In the light of the COVID-19 pandemic and claims that traditional masculinity may put some men at increased risk for infection, research reporting men's health behaviors is critically important. Traditional masculine norms such as self-reliance and toughness are associated with a lower likelihood to vaccinate or follow safety restrictions. Furthermore, infection risk and traditional masculinity should be investigated in a differentiated manner including gender role orientation, underlying traditional masculine ideologies and male gender role conflict. In this pre-registered online survey conducted during March/April 2021 in German-speaking countries in Europe, 490 men completed questionnaires regarding contracting COVID-19 as confirmed by a validated test, fear of COVID-19 (FCV-19S), and experience of psychological burden due to COVID-19. In addition, depression symptomatology was assessed by using prototypical internalizing and male-typical externalizing depression symptoms. Furthermore, self-identified masculine gender orientation, endorsement of traditional masculinity ideologies, and gender role conflict were measured. A total of 6.9% of men (n = 34) reported having contracted COVID-19 since the beginning of the pandemic. Group comparisons revealed that men who had contracted COVID-19 exhibited higher overall traditional masculine ideology and gender role conflict. Logistic regression controlling for confounders (age, income, education, and sexual orientation) indicated that only depression symptoms are independently associated with the risk of having contracted COVID-19. While prototypical depression symptoms were negatively associated with the risk of having contracted COVID-19, male-typical externalizing depression symptoms were positively associated with the risk of contracting COVID-19. For traditional masculinity, no robust association for an increased risk of contracting COVID-19 could be established, while higher male-typical externalizing depression symptoms were associated with an increased risk of contracting COVID-19.
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    Social Disconnection and Psychological Distress in Canadian Men During the COVID-19 Pandemic
    Simpson, NJ ; Oliffe, JL ; Rice, SM ; Kealy, D ; Seidler, ZE ; Ogrodniczuk, JS (SAGE PUBLICATIONS INC, 2022-01-01)
    The COVID-19 pandemic has significantly challenged many men's mental health. Efforts to control the spread of the virus have led to increasing social disconnection, fueling concerns about its long-term effects on men's mental health, and more specifically their experience of psychological distress. Social disconnection, psychological distress, and the relationship between them have yet to be formally explored in a Canadian male sample during the COVID-19 pandemic. The present study examined whether reduced social connection among men was associated with increased anxiety and depressive symptoms (psychological distress) and whether this association was moderated by living alone. The sample consisted of 434 help-seeking Canadian men who completed standardized measures. Analyses controlled for the potentially confounding effects of age and fear of COVID-19. Findings revealed that less social connection was associated with increased psychological distress. This association was not moderated by living alone, nor was living alone directly associated with psychological distress. Younger age and fear of COVID-19 were each independently associated with psychological distress. Socially disconnected men were more likely to experience anxiety and depressive symptoms, suggesting the need for interventions focussed on men's social connectedness, social support, and belongingness to help reduce some COVID-19-induced mental health risks.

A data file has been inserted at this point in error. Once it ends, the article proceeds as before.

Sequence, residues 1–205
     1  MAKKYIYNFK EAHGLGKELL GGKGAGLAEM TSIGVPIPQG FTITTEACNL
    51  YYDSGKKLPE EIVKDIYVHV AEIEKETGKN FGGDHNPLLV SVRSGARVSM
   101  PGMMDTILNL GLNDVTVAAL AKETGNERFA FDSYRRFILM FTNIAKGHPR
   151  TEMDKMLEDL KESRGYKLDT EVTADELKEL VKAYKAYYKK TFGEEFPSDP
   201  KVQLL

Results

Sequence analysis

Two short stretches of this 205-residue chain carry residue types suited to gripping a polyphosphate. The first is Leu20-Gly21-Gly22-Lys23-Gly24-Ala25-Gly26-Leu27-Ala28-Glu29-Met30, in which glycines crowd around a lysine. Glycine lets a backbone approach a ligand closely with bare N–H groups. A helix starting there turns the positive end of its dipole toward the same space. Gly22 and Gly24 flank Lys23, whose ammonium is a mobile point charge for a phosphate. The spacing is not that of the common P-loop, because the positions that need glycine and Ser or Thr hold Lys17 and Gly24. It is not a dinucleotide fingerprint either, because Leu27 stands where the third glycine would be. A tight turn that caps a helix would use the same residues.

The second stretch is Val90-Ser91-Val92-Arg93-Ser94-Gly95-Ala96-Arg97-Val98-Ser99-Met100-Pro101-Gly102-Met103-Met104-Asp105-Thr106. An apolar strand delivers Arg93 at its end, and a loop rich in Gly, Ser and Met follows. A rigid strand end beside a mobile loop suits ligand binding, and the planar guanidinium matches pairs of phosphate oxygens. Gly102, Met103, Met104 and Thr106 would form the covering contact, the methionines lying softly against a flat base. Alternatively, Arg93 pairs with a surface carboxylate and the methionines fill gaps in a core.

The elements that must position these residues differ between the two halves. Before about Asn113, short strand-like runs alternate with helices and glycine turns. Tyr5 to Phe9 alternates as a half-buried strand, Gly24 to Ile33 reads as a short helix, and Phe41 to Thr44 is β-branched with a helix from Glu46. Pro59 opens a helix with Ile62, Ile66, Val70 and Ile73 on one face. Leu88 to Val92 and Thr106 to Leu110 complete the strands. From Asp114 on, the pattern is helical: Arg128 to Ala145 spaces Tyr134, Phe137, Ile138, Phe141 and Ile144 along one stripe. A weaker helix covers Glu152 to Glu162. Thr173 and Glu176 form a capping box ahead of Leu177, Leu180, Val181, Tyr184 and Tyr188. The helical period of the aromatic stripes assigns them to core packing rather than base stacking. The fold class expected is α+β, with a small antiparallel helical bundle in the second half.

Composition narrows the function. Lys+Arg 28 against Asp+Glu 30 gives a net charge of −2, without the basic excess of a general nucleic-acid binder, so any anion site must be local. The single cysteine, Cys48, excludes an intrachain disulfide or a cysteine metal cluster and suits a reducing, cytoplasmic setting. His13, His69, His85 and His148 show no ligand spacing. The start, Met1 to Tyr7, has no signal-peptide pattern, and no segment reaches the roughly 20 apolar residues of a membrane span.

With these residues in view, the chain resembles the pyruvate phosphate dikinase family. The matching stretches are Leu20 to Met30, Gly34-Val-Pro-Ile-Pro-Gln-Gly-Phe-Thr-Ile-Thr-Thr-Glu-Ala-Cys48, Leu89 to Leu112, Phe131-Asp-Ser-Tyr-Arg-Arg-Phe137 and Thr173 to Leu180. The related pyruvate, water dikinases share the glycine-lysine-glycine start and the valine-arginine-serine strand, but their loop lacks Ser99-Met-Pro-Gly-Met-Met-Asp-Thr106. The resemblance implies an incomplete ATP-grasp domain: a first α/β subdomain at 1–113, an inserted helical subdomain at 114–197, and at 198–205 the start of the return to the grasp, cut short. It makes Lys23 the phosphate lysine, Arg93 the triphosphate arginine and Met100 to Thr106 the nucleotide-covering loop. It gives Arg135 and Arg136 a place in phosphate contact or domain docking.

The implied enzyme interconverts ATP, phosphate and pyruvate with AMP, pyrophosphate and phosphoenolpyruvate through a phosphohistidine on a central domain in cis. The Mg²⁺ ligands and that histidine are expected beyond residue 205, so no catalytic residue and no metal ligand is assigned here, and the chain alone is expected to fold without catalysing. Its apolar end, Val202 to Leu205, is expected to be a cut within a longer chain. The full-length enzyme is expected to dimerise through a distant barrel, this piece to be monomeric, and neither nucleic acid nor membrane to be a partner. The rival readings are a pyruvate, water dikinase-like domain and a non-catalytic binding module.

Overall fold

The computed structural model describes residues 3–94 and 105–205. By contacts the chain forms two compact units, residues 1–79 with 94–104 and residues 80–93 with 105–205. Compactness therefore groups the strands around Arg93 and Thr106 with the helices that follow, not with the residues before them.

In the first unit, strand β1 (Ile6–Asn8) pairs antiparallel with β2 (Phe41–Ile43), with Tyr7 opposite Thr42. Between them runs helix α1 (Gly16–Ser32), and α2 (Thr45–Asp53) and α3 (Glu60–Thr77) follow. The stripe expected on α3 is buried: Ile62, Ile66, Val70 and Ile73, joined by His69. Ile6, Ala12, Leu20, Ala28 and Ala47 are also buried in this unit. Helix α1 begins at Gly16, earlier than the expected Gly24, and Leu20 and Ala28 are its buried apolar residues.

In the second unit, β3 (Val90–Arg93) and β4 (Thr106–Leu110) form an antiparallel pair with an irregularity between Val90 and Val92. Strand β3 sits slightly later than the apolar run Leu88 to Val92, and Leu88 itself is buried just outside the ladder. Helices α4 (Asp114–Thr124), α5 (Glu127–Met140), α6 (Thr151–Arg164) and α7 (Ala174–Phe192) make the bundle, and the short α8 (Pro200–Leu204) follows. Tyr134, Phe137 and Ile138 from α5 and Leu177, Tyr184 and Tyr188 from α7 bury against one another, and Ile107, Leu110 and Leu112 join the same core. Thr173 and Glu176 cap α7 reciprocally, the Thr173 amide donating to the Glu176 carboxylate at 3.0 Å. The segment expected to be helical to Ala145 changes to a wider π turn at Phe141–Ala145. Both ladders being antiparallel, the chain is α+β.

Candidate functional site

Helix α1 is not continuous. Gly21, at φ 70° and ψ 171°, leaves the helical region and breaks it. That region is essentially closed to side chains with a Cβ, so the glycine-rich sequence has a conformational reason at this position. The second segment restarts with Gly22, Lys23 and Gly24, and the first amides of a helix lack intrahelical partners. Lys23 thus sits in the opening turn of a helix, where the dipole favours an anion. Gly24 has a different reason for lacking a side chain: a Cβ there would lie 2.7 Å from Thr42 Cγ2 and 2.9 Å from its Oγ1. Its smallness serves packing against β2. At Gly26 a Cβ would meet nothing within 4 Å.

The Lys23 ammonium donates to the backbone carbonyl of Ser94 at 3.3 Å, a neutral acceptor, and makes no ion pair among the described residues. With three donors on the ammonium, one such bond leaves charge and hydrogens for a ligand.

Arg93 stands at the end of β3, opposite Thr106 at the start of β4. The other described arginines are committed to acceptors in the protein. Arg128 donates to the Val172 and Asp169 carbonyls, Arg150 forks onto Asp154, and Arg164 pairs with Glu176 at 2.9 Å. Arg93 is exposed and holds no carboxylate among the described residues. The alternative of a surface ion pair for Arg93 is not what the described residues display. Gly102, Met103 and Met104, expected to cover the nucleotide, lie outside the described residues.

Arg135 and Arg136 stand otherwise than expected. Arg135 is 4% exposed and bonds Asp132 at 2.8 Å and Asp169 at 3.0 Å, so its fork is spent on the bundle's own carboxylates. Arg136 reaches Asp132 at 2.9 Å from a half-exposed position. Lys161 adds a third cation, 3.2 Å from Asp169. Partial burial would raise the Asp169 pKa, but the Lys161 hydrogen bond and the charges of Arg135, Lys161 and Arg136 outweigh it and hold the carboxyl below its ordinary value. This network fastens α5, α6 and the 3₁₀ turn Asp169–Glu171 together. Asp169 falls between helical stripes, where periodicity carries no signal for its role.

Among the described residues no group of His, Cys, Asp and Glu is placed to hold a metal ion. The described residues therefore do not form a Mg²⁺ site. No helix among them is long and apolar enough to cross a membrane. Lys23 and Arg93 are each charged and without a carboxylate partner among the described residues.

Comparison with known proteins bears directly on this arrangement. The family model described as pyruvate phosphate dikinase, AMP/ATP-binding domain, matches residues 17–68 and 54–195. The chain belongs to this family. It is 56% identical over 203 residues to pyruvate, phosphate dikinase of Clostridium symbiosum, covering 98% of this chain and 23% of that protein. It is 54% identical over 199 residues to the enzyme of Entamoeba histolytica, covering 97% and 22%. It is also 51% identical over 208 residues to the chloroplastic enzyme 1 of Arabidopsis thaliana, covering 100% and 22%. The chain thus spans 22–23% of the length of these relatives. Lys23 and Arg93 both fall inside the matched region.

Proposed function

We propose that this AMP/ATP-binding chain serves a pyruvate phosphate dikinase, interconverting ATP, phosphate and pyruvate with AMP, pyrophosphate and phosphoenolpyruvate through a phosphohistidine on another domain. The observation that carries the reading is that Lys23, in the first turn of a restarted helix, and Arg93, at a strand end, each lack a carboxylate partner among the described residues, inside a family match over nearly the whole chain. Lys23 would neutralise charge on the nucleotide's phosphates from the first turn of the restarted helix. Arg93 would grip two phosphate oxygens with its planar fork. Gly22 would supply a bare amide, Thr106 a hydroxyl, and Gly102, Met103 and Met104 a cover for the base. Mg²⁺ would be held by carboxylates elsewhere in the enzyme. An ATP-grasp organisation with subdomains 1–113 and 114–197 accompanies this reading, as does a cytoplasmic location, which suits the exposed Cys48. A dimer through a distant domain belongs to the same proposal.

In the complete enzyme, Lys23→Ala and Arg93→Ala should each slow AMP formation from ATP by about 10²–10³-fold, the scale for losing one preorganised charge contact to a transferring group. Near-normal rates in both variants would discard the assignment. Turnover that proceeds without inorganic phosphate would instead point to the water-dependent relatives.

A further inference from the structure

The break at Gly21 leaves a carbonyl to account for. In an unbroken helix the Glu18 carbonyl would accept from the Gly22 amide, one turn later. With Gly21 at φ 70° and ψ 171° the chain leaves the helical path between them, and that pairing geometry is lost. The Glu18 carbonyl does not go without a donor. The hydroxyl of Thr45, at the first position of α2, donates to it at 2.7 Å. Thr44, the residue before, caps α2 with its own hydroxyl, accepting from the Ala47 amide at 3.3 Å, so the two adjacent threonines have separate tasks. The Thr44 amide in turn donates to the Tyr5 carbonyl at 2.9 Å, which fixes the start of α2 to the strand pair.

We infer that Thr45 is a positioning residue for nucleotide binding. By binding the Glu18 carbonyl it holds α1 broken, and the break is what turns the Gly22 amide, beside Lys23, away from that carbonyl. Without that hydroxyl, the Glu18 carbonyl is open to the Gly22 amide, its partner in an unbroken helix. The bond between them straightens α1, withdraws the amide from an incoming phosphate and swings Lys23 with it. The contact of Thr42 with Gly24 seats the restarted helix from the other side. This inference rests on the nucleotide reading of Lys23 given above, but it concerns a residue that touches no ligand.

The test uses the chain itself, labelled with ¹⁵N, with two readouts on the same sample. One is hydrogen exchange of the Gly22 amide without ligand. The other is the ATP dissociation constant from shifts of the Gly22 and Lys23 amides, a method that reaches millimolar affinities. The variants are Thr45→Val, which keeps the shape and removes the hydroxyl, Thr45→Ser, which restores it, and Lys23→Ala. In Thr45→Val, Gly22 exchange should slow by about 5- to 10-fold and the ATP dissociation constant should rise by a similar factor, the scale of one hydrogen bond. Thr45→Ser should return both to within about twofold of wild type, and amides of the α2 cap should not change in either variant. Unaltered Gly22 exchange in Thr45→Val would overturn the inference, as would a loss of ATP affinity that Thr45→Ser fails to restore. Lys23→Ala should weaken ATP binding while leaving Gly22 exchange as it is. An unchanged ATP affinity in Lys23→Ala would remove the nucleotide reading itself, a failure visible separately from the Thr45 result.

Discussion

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    "People say men don't talk, well that's bullshit": A focus group study exploring challenges and opportunities for men's mental health promotion.
    Sharp, P ; Bottorff, JL ; Rice, S ; Oliffe, JL ; Schulenkorf, N ; Impellizzeri, F ; Caperchione, CM ; Rajiah, K (Public Library of Science (PLoS), 2022)
    Men's mental health promotion presents unique challenges including gender-related barriers and stigmas, which demand novel approaches to prevention, treatment, and management. The aim of this study was to explore men's perceptions of mental health and preferences for mental health promotion. Seven focus groups (N = 59) were conducted in Sydney, Australia, including 5 groups of men (M = 50.65, SD = 13.75 years) and 2 groups of stakeholders who had frontline experience working with men (e.g., men's groups, health clubs, mental health advocates). Data were analysed using thematic analysis and interpreted using a gender relations approach to explore connections between gender roles, relations and identities, and men's mental health. Three overarching themes were identified; (1) Roles, identities, and the conceptualisation and concealment of mental health challenges, revealing challenges to mental health promotion related to perceptions of men's restrictive emotionality and emotional awareness as well as difficulties with conceptualising the internalised experiences of mental health, (2) Constraining social contexts of stigma and gender relations, identifying how social context and the policing of gender roles often obscured opportunities for discussing mental health and help-seeking behaviour, (3) Anchoring mental health promotion to acceptable lifestyle practices, highlighting potential remedies included leveraging men's social practices related to reciprocity, normalising mental health promotion relative to other behaviours, and embedding mental health promotion within acceptable masculine practices. Discussed are directions for men's community-based mental health promotion and opportunities for how masculinities may be negotiated and expanded to embody mental health promoting values.